Rep. Anna Eshoo, D-California, said she doesn’t see how Pai can say he supports net neutrality when he wants to unravel it. In other words, Pai’s statements on the subject are not credible, she said.

Full committee Chairman Greg Walden, R-Oregon, announced a committee hearing titled “Ground Rules for the Internet Ecosystem” for September 7, at which Facebook, Alphabet, Amazon, Netflix, Comcast, AT&T and Verizon will testify.

It is time for everyone to share their opinions before Congress, Walden said.

On other matters, Pai said it is important for the U.S. to win the race to 5G wireless technology. He also highlighted FCC work on broadband mapping to accurately reflect broadband data coverage. Clyburn added that the challenge remains getting providers to provide the data necessary.

(Photo by Casey Ryan.)


Broadband Data

Ookla Has Verizon as Fastest Q1 Fixed Provider, T-Mobile Takes Top Spot for Mobile

T-Mobile was also named the most consistent mobile operator and topped 5G download speeds.



Image of Speedtest from May 2017 by Daniel Aleksandersen used with permission

WASHINGTON, April 18, 2022 – A market report released Friday by performance metrics web service Ookla named Verizon the fastest fixed broadband provider in the U.S. during the first quarter of 2022, and T-Mobile as the fastest mobile operator during the same period.

Verizon had a median download speed of 184.36 Mbps, edging out Comcast Xfinity’s speed of 179.12 Mbps. T-Mobile’s median mobile speed was 117.83 Mbps.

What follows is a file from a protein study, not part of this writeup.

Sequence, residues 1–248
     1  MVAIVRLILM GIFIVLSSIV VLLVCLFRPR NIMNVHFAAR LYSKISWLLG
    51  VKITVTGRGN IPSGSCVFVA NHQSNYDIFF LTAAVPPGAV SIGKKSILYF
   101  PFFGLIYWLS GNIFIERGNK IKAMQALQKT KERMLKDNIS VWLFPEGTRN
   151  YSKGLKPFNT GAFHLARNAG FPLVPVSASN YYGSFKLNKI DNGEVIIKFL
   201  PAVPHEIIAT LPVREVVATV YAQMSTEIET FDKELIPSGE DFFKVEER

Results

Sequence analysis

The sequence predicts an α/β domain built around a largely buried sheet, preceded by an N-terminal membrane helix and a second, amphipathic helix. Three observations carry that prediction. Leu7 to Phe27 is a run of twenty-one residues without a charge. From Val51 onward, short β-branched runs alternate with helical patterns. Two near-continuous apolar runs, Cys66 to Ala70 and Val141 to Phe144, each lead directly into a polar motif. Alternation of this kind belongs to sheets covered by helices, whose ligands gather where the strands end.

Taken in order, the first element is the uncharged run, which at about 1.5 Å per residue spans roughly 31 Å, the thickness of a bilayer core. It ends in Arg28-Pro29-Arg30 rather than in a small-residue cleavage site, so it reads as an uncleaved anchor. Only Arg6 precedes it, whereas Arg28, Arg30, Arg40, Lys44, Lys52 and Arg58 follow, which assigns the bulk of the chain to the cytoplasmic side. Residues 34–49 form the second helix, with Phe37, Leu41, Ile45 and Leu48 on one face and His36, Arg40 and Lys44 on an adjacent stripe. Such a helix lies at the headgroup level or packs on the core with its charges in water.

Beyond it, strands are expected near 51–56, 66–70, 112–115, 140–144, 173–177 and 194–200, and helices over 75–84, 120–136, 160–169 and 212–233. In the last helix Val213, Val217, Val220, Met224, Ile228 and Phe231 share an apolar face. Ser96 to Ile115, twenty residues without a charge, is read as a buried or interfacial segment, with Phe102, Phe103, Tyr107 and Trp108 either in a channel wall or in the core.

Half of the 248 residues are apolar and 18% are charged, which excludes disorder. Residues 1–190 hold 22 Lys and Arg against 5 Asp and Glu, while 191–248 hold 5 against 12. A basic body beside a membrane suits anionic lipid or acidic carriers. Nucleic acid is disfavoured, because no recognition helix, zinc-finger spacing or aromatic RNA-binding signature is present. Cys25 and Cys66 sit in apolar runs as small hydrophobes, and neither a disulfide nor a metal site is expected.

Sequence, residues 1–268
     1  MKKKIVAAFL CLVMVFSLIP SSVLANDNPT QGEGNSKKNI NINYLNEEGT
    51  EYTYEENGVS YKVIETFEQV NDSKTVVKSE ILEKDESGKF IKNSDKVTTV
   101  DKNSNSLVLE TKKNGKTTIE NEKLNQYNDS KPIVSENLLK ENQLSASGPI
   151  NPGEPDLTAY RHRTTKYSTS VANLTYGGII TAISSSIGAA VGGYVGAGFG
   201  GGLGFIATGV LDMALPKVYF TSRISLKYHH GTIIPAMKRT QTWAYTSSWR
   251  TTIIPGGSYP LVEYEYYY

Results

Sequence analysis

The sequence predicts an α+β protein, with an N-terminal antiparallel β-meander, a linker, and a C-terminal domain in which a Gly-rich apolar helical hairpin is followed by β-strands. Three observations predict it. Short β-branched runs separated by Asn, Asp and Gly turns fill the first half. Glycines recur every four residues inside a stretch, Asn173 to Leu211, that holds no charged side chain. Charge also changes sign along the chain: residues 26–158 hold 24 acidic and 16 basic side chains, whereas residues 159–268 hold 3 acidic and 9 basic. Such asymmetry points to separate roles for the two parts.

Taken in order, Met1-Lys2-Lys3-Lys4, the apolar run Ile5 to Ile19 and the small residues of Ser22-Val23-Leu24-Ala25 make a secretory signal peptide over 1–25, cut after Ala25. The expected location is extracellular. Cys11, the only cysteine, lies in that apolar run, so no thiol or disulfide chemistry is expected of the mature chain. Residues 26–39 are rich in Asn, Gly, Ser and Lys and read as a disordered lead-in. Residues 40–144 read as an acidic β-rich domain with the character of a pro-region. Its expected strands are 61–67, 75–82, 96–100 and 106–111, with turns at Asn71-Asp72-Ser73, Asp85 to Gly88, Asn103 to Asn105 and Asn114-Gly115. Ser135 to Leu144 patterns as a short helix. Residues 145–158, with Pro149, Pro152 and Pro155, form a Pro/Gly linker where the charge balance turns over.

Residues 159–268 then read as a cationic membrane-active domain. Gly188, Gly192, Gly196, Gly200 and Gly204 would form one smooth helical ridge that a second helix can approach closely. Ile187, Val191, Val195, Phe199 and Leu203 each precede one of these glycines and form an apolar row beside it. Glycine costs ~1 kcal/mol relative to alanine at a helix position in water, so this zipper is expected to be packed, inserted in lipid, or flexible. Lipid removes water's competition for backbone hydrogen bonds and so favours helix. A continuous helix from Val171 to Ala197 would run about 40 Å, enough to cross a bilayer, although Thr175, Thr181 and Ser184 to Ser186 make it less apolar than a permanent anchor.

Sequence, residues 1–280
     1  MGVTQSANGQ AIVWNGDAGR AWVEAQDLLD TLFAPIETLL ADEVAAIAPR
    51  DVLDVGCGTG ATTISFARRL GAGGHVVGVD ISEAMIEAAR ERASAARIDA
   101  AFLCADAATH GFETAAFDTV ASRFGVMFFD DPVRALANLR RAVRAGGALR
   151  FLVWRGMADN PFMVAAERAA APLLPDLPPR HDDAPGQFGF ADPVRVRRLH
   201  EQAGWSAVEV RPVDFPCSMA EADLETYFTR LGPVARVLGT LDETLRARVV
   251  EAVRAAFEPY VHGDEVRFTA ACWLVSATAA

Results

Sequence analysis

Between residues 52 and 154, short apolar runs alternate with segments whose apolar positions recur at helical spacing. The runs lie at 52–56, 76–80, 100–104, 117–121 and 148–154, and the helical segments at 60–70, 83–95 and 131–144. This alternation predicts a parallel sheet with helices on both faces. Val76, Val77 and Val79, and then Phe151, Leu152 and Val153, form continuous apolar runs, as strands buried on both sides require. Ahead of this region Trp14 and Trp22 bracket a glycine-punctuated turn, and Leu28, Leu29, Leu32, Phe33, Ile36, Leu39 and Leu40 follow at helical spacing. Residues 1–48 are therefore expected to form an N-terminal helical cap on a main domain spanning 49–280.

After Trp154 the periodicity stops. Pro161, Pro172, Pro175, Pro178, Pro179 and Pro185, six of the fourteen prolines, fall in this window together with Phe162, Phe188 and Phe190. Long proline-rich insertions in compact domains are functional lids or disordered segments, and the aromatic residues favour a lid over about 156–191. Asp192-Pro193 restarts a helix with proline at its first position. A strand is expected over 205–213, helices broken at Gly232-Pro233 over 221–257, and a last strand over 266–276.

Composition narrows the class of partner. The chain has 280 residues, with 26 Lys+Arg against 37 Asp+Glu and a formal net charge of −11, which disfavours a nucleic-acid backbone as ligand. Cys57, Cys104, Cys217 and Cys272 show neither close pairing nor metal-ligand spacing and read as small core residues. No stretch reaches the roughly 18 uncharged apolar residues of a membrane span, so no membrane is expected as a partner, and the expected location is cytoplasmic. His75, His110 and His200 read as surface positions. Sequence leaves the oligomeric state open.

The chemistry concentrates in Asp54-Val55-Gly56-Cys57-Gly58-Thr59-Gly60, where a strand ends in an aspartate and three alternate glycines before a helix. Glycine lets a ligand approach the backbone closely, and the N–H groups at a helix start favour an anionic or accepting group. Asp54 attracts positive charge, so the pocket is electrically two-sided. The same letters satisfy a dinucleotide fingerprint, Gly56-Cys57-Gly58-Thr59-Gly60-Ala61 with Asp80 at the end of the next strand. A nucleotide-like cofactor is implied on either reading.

Verizon had the lowest latency of all providers, according to Ookla, well ahead of Xfinity’s fourth place ranking, yet sat at third for consistency behind both Xfinity and Spectrum.

T-Mobile was also the most consistent mobile operator during the first quarter, achieving an Ookla consistency score of 88.3 percent, which along with median download speed represented an increase from the fourth quarter of 2021.

The company also achieved the fastest median 5G download speed, coming in at 191.12 Mbps.

Verizon also notably increased its 5G download speed from its Q4 metric, attributed in part to the turning on of new C-band spectrum in January following deployment delays and protest from airlines. For mobile speeds, it stood in second behind T-Mobile, bumping AT&T to a standing of third. These rankings were the same for mobile measures of latency and consistency.

Yet on 5G availability, AT&T remains ahead of Verizon.

The Samsung Galaxy S22 Ultra came in as the fastest popular device in the country, running at 116.33 Mbps.

Ookla is a sponsor of Broadband Breakfast.

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Broadband Data

FCC’s Rosenworcel: Broadband Nutrition Labels Will Create New Generation of Informed Buyers

The FCC hopes companies will make it easier for consumers to choose a broadband plan that fits their needs.



Photo of Chairwoman Jessica Rosenworcel speaking at the Mobile World Conference 2022 in Barcelona

WASHINGTON, March 11, 2022 – The Federal Communications Commission’s broadband nutrition labels will usher in a new era where buyers have simple information about what they’re buying, agency Chairwoman Jessica Rosenworcel said Friday.

Consumers should know what they’re signing up for when they spend hundreds “or even thousands” of dollars per year for internet service. She was speaking at Friday’s commission hearing on its so-called broadband nutrition label initiative.

The hearing comes on top of a public comment period on the initiative. Many providers are pushing for more flexible regulations on compliance.